If yes, do you know some examples of Keyloggers capable of perform this?

EDIT: I mean when logon in the windows right after power on the PC and/or when locked with Win+L.

  • 1
    Well it really depends on the keylogger and how the logon screen is accessed. You can access logon screen via remote desktop, virtual desktop, and via console/keyboard. In every scenario there is different keylogger involved, and in case of console, some keyloggers do log, some dont - vishnuvalentino.com/tips-and-trick/… this one does. Aug 27, 2012 at 0:06
  • Note that hardware keyloggers could record the pressed key no matter what's on the computer. Never accept a free keyboard tho (nor a free USB key, mouse, hard disk drive,...)
    – Xenos
    Jul 25, 2018 at 9:25

2 Answers 2


The log on screen is created by the WinLogin process. If a program can bind to the WinLogon process then it can most definitely keylog your login password.

The Metapreter Payload from the MetaSploit library is a good example of a tool capable of migrating into the logon process. You may look at "MetaSploit Unleashed", to learn how to compile Metapreter into a binary payload (.exe) or attach that to another (.exe) and obtain the same results.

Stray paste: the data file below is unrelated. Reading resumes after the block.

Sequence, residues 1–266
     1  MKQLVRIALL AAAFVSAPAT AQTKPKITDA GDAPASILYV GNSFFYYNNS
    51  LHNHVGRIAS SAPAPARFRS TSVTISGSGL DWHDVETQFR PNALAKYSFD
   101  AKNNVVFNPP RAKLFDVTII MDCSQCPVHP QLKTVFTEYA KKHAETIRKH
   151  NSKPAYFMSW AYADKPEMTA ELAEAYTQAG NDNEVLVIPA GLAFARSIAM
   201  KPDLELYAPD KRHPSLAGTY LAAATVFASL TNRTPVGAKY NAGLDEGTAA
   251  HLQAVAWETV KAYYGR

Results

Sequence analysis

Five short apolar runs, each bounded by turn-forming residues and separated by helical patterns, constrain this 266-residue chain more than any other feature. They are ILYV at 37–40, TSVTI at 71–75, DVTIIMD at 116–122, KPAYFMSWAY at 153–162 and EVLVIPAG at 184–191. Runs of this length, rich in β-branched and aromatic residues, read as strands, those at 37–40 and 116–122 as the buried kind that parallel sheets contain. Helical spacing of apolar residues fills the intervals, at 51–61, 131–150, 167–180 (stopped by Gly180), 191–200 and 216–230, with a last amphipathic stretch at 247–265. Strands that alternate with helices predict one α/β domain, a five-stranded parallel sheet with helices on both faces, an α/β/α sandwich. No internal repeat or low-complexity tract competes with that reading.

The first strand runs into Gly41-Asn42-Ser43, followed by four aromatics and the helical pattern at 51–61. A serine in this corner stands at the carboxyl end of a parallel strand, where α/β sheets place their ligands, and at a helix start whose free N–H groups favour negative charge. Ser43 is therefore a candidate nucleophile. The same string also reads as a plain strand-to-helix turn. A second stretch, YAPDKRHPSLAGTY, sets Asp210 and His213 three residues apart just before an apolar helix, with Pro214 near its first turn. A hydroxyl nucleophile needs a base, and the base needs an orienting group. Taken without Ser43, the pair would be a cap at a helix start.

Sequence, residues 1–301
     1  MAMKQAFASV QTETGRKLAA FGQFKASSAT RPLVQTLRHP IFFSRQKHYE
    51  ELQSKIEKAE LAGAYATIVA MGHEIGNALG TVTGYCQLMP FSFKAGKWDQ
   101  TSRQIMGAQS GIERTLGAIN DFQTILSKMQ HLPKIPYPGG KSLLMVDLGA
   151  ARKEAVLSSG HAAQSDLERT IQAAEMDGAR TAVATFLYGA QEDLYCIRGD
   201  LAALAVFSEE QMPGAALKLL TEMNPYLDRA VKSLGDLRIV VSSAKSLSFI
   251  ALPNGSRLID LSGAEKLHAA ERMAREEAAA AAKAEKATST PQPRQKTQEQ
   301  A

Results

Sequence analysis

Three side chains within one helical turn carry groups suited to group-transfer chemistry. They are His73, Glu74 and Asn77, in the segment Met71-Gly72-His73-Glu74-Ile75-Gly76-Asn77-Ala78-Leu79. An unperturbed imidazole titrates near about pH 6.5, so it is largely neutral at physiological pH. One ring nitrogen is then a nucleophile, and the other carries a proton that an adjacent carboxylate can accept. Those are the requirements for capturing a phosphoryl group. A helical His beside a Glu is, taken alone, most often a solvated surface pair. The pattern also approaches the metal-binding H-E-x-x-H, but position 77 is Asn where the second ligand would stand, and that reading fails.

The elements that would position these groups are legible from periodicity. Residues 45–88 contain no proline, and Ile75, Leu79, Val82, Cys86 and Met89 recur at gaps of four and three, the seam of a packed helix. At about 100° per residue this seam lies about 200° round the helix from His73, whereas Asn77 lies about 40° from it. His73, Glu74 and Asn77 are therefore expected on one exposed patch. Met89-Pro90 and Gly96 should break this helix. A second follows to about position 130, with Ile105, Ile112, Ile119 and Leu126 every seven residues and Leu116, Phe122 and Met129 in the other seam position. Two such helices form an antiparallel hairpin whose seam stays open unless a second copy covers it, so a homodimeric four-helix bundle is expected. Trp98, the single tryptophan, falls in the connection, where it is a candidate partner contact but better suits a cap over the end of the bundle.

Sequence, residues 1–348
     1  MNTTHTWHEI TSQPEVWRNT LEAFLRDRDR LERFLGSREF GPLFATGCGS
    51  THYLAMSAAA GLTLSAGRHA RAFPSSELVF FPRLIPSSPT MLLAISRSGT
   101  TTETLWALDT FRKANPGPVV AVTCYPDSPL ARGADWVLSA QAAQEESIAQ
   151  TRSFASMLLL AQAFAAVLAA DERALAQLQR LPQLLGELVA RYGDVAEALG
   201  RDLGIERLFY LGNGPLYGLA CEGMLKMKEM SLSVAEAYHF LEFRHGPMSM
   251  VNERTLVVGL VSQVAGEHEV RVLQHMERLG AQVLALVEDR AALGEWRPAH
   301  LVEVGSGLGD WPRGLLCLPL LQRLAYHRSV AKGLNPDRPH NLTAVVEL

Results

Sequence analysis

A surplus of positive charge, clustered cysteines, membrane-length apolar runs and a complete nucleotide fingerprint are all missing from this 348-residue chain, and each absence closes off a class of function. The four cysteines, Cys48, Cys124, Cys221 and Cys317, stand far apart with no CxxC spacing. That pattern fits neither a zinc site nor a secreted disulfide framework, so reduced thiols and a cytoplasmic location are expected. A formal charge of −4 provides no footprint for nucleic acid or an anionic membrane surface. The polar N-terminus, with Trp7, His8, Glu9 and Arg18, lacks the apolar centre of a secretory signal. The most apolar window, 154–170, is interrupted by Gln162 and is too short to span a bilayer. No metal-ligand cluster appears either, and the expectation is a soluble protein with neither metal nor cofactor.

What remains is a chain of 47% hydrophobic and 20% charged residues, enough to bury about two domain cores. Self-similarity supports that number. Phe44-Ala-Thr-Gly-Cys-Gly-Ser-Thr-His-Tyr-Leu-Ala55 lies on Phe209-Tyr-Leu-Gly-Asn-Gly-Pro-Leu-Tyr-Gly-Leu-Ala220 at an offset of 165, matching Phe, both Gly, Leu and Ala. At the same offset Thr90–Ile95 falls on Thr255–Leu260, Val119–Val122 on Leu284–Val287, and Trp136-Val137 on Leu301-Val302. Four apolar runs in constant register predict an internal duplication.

A good demonstration of the technique can be seen at : Clicky

More References:

Note: Use of any kind of malware or spyware should only be done with prior consent of the system owner and/or users.

Also, look at Polynomial's comment below for other ways. +1 to him ;)

  • 3
    A kernel-based HID filter driver would allow a keylogger to access keystrokes at any point in time, regardless of the target within the OS. A hardware-based keylogger could do the same. Neither of these will capture logins via remote desktop, though.
    – Polynomial
    Aug 27, 2012 at 9:30
  • @Polynomial - Of course if you have the type of malware that interacts with the HID filter driver then you likely have malware that could also access the registry information and transmit it. Which means they could simply brute force the user account's password. The type of malware that interacts with a driver would require permission from the user to be installed at least in recent versions like Windows 7 and Windows 8. This also likely means they have elevated priviliages on the machine itself.
    – Ramhound
    Aug 27, 2012 at 12:46

Hypervisor malewares should be definitely capable of doing this. http://en.wikipedia.org/wiki/Hypervisor#Security_implications

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